Source: ACM SIGGRAPH Press Release, 2010
Dr. Turner Whitted is being recognized for his important contribution to ray tracing. In computer graphics, and computing in general, many techniques are implemented but await higher speed hardware and larger-sized memory to achieve acceptable or improved performance. Often such techniques have flaws which must be overcome by complex exceptions or consideration of special cases. That was the situation in the early applications of ray tracing.
Turner Whitted did not invent ray tracing. Instead, he contributed what so many wish to contribute: a simple and elegant algorithm which, in this case, made the ray tracing technique not only scrutable but also more efficient. The need for special cases was eliminated; he was the first to show the world how to do it. His papers, and his film The Compleat Angler, inspired thousands of people to write their own ray tracing programs. By making a complicated problem simple Whitted made it possible for practitioners and students alike to gain first-hand experience with synthetic image processing. They could realize a working solution, and recognize significant principles of computing and computer graphics, without having to code for many months. Essentially all the beautiful ray tracing pictures and animations that exist today are based on the original work of Turner Whitted.
Dr. Whitted was educated at Duke University, receiving a BSE degree in electrical engineering in 1969 and an MS degree the following year. He was granted the PhD degree in electrical engineering by North Carolina State University in 1978. For the next five years he was a Member of the Technical Staff at the Computer Systems Research Laboratory of Bell Laboratories.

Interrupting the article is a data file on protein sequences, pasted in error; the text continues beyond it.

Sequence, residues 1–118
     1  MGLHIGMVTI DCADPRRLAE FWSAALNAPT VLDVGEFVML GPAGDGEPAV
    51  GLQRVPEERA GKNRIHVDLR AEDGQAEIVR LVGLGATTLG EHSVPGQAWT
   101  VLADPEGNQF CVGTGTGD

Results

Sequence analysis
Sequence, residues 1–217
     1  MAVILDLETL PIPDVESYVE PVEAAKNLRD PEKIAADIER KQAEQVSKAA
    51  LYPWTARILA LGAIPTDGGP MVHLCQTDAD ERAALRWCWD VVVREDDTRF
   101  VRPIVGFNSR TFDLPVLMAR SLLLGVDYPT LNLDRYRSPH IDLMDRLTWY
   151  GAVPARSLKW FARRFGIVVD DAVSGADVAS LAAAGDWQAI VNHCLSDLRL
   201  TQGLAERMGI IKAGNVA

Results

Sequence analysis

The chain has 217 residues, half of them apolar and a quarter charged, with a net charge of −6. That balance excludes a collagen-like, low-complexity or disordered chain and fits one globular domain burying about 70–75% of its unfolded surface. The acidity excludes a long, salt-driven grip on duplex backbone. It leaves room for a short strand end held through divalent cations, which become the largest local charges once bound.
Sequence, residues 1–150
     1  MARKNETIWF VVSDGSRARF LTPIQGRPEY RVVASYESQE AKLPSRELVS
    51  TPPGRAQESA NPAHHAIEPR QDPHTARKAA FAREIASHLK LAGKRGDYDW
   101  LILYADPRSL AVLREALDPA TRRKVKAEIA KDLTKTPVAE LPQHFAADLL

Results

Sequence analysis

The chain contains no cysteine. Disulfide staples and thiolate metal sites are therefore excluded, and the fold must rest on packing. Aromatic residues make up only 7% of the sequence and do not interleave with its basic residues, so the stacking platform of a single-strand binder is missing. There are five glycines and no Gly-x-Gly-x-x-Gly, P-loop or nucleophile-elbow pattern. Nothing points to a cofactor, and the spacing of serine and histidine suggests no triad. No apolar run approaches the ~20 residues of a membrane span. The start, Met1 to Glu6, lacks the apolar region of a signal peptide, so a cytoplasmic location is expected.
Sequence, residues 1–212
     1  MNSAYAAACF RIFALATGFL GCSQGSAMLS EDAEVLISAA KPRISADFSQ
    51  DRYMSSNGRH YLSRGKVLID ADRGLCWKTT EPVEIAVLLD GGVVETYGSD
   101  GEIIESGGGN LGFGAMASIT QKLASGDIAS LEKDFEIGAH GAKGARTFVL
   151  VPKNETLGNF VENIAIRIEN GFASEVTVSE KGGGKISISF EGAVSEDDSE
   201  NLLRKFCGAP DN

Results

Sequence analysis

In 1983 he “returned home” to North Carolina as founder and Technical Director of Numerical Design, Ltd., a firm which produces image rendering software. Since 1982 he has been an Adjunct Associate Professor of Computer Science at the University of North Carolina at Chapel Hill.
His achievements go beyond the ray tracing algorithm. An important 1980 paper on scan line methods for display of parametric surface was editorially crafted from the work of three different sets of authors, of whom Whitted was one. With Rubin, he published a paper showing the importance of a consistent treatment of coherence to optimize the speed of ray tracing. Despite numerous attempts this result has not been supplanted. Whitted published an article in Science that brought computer graphics to the attention of perhaps the largest single readership of scientists.
Turner Whitted has shown us the importance of simplicity and elegance. As a colleague has said: “Turner is an extraordinarily humble and generous person, and an example of non-stop creativity.”
SIGGRAPH recognizes the contributions of Dr. Turner Whitted by presenting him the 1986 ACM/SIGGRAPH Computer Graphics Achievement Award.